The numerical calculations were performed for two cases where the outflow boundary condition is different from each other; one is specified as the direct blowdown discharge to atmospheric pressure and the other is specified as the blowdown discharge to an extended calculation domain with atmospheric pressure on its boundary.

To effectively simulate the saturated water flashing from the SG following the FWLB accident, the physical SG model was simplified as a vertical once-through SG to which a feedwater pipe is attached. However, the physical geometry of the analysis model was modeled as realistically as possible in terms of the SG tube bundle height, the SG inner diameter and porosity, the inner diameter and length of broken feedwater pipe part, etc. It was considered that the SG shell-side and the attached feedwater pipe were initially filled with high pressure saturated water. The pressure in the steam space was 7.5 MPa. For the calculation of the two-phase flow during high pressure saturated water flashing from the SG through the broken feedwater pipe, the inhomogeneous two-fluid model was used.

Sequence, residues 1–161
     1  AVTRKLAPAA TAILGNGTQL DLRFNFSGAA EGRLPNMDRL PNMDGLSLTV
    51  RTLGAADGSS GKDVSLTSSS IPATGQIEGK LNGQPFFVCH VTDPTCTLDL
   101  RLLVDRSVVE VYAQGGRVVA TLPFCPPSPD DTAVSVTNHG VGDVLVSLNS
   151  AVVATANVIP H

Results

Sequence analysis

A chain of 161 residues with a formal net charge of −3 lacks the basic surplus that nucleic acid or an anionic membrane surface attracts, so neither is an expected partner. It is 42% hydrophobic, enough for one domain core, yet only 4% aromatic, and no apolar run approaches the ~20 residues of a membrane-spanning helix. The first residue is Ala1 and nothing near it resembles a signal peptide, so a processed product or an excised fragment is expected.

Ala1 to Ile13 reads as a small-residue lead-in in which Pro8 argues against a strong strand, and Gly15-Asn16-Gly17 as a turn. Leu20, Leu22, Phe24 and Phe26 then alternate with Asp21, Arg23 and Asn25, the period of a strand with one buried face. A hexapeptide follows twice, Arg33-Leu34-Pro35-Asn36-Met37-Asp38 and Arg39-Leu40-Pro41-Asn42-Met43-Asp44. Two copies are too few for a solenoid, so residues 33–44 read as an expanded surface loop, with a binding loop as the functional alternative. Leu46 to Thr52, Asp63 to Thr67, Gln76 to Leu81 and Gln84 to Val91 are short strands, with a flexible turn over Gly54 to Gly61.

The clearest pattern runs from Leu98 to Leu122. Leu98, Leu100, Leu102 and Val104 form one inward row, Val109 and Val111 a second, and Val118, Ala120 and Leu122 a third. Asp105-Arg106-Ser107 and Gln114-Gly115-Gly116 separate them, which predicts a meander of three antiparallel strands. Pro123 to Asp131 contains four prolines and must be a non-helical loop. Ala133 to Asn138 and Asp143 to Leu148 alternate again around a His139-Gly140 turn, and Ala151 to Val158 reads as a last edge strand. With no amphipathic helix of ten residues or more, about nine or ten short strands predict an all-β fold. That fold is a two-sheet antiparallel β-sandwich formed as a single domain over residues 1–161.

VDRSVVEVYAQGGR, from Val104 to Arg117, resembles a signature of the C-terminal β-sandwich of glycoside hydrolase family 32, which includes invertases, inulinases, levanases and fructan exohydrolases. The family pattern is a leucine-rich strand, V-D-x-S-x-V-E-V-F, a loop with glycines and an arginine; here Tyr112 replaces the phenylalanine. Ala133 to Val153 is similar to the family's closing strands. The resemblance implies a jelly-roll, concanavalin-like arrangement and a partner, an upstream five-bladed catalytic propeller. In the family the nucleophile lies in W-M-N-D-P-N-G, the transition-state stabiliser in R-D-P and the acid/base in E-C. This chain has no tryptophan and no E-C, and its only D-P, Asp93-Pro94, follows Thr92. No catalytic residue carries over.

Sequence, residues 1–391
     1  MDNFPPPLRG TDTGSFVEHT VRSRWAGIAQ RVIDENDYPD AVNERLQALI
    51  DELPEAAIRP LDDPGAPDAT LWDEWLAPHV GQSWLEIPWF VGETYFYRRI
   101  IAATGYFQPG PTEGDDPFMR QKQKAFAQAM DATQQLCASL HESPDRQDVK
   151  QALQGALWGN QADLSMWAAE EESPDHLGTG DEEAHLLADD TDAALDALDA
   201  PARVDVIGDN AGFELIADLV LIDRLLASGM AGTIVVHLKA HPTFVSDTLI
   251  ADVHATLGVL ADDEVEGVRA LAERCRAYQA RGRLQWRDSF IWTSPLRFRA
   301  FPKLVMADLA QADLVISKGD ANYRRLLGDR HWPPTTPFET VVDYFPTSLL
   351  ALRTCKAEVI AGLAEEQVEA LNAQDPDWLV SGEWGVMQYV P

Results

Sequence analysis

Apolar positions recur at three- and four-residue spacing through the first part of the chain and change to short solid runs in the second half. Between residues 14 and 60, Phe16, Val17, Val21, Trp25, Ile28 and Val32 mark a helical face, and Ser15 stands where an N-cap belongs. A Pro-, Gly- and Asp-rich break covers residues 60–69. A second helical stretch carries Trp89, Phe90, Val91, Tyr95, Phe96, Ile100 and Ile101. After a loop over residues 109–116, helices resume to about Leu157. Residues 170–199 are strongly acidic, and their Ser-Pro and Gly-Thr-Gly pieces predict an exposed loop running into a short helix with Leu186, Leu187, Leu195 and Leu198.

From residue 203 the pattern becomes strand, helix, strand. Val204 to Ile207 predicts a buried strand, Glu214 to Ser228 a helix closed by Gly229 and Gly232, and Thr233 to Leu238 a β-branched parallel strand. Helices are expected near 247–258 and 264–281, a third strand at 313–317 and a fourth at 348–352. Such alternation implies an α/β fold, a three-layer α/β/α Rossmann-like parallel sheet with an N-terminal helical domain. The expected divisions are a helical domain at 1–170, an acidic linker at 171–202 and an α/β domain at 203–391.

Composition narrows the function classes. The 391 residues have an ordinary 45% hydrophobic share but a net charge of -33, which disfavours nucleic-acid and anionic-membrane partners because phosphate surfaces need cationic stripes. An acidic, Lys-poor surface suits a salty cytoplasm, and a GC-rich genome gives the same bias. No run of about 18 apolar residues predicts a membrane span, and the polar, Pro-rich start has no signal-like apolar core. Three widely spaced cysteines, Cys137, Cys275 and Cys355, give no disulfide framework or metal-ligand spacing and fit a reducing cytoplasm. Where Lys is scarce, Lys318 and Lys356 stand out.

The present simulation results were discussed through a comparison with the predictions using a simple non-flashing model neglecting the effects of phase change.

Based on the comparative discussions, the applicability of each of the non-flashing liquid discharge and saturated liquid flashing discharge models to the confirmatory safety evaluations of new SG designs was examined.